I have spent more time then I thought I would in the past week reflecting on the event, how my team performed and the experience in general.
It is hard for me to put into words the different emotions that this event brought on. If you would have asked be prior to the event if I felt that this would be a “life changer” the answer would have been without a doubt no. While looking back on it I believe that is exactly what happened.
Before I go into my personal reflections a de-brief for those who weren’t there is probably the right way to start.
The event was a build challenge where we had to build something to move a person. We decided early on that we wanted to “go big or go home” The latter turned out to be true. For my robot Folks, we attempted to build a 6foot x 8foot, 1000lb swerve drive with a playground on top. The fact that we were able to build this in 72 hours is still shocking to me. Although we finished our plan and were able to build a cool device we were lacking those extra few hours of tweaking required to make it a show stopper. We literally finished the wiring and fabrication as the time hit zero in a what hopefully will be some dramatic TV. Immediately following the completion we had to put our creations on trucks to go over to the public part of Red Bull creation. During this event we did a public showing of our semi-functional device and then immediately following the event cut our creation into pieces. We were told information which turned out to be false about them trashing creations that were not dealt with immediately. The P^3 (play powered pod) is gone but the front and back modules are in storage so we could re-build it, still a week later we are deciding the fate of the remains of our creation.
From a build point of view what we did could (and probably should) be considered a failure. We didn’t win or place and with such high expectations that we set for ourselves going into the event it is hard to look at it from any other perspective. On the flip side I got much more than a piece of hardware and some cash from the event. I learned that there are many communities beyond robotics that look at things the same way that we do. The cooperation and willingness to help between the teams was all there and many friends were made. Additionally the build allowed me to push myself in a way that I haven’t done in a long time (while FIRST robots are a challenge it is a different time period and different skill set). Josh from IEEE Spectrum Magazine was following us during the build and put together a nice video talking about the competition featuring us.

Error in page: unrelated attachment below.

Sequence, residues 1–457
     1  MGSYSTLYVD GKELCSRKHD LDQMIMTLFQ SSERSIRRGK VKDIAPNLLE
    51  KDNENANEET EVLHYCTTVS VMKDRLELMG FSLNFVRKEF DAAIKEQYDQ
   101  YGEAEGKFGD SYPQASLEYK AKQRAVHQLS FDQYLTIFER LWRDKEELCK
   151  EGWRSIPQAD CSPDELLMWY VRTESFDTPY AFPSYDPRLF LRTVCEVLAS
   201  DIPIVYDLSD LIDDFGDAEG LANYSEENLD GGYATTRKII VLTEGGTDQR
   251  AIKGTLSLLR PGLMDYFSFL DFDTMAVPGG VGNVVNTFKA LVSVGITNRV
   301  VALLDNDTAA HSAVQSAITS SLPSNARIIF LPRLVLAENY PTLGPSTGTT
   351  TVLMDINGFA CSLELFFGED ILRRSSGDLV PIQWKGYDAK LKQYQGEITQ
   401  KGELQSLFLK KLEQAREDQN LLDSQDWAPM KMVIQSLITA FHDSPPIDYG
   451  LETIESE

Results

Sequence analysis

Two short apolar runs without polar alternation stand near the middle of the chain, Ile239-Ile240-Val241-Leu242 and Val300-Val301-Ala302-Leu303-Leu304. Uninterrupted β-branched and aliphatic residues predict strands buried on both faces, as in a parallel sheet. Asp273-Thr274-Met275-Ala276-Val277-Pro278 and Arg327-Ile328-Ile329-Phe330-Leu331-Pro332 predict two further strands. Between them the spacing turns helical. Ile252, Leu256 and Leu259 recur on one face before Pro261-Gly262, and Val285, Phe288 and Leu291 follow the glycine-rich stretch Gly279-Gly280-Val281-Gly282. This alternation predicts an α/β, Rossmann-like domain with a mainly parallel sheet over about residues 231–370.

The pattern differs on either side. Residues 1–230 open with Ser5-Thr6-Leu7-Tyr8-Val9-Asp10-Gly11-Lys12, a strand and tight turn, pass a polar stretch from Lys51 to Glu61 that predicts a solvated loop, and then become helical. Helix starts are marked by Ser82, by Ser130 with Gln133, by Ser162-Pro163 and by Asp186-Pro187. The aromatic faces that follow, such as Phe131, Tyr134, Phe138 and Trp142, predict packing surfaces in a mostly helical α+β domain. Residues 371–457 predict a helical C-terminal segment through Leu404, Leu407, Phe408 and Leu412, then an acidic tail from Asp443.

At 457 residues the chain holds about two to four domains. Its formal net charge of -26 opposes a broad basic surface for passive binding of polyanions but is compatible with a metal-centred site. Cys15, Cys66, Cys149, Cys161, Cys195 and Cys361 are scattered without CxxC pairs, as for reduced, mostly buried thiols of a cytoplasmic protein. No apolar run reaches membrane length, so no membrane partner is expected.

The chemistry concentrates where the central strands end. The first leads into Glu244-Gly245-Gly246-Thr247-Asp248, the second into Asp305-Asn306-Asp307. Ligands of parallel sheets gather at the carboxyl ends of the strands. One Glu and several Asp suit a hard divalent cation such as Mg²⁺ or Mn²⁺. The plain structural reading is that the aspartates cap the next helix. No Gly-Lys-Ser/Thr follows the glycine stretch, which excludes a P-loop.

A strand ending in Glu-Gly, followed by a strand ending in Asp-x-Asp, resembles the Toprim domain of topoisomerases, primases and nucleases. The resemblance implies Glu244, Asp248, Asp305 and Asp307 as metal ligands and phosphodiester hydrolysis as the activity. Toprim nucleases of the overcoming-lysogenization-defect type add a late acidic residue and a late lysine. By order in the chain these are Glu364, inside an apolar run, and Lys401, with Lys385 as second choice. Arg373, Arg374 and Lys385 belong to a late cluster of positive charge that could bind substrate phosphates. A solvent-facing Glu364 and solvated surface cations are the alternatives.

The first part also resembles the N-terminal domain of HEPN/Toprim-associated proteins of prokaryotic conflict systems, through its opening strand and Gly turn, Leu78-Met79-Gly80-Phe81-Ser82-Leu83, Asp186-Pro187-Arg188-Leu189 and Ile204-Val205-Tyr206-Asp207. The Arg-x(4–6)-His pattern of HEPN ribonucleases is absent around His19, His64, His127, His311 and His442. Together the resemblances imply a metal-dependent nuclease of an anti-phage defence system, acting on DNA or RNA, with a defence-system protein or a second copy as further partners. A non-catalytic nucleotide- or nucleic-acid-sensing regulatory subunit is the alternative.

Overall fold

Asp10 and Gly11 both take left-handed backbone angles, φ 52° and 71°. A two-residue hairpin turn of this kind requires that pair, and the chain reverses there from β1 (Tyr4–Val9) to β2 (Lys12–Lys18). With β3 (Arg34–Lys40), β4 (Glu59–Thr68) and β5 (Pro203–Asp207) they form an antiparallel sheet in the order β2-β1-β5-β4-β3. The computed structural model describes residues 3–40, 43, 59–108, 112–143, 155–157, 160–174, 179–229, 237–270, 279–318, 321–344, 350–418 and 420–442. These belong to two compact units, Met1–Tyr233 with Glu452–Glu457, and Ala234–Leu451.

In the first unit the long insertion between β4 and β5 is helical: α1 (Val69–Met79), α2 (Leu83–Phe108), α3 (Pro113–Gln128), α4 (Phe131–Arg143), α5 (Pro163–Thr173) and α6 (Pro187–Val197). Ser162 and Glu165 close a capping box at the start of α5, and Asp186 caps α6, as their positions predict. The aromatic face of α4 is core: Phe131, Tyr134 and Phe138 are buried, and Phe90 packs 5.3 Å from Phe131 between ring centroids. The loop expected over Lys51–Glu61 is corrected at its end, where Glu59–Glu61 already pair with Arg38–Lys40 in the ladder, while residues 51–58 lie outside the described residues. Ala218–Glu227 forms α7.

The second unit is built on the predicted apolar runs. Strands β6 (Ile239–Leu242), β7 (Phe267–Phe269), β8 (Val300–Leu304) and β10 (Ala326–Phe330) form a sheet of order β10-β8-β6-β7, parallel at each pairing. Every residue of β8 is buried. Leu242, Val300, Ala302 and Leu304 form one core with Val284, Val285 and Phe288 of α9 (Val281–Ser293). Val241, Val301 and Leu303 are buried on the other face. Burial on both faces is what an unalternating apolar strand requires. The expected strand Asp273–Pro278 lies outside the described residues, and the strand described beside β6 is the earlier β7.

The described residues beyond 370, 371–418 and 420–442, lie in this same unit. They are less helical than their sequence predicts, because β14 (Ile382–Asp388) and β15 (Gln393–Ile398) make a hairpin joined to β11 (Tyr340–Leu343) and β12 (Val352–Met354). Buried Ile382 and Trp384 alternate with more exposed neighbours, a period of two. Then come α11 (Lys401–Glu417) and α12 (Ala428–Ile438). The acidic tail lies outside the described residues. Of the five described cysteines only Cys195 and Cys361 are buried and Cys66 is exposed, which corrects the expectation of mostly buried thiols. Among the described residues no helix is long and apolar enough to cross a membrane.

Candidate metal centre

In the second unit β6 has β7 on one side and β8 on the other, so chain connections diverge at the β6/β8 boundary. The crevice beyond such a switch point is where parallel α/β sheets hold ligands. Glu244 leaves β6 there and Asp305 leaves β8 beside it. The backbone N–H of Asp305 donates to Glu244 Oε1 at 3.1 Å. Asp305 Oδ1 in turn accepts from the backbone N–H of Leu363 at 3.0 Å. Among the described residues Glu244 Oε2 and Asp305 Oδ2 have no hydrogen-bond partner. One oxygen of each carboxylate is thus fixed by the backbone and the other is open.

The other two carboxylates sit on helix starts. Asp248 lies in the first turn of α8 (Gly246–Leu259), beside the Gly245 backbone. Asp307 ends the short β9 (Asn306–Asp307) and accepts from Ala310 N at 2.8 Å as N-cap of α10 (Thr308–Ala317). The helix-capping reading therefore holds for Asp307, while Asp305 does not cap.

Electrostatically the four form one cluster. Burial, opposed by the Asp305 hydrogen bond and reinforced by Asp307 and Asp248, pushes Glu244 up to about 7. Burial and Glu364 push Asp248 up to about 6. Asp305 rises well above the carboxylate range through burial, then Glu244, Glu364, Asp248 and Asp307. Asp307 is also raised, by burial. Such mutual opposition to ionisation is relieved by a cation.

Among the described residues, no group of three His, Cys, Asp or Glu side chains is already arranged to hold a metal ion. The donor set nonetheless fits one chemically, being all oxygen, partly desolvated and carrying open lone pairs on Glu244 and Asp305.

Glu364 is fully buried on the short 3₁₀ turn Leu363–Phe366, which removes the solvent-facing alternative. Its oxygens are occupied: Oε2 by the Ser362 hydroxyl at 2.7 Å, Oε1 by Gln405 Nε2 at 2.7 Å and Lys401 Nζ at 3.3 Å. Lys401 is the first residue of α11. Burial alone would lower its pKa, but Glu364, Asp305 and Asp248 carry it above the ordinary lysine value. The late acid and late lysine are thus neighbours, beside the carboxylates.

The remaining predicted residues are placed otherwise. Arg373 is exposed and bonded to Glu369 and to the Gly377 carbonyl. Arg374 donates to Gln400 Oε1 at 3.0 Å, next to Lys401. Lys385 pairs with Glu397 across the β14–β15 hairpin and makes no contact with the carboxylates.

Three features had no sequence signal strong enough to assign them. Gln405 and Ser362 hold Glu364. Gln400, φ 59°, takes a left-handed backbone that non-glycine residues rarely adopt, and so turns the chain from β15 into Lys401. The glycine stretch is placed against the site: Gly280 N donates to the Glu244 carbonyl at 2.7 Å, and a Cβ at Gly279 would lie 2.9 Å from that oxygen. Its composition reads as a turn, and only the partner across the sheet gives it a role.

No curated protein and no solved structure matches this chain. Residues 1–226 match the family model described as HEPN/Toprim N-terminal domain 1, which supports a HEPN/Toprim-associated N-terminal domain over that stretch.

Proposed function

So as I eluded to I consider this event to be a life changer for me. For the longest time I have found myself to be stuck in a routine that doesn’t involve thinking creatively outside of work, or trying to personally improve myself. My whole life growing up I was constantly trying to push myself to be more than I am in many ways. I used to try to live outside of my comfort zone, because that is where you can explore your true potential. Too many people (myself included these past few years) are just satisfied with the status quo, accepting reality for what it is and not what it could be. This event was a wake up call, an eye opener, a kick in the pants, or whatever metaphor you would like, either way I am motivated now and feel great!
Christina and I have decided to try and continuously improve ourselves through learning new skills, working on new projects and making a conscious effort not to waste a moment of our lives. The first step for me was to cancel TV service to my house as I have wasted countless hours to mindless shows when I could have been building something or learning a new skill. Each month we are both going to try and teach each other something new though the completion of projects (which I will outline on this blog). I am truly excited for what the future holds, and I recommend everyone take a step back from their daily routine and evaluate if you are getting the most from your life and living up to your full potential.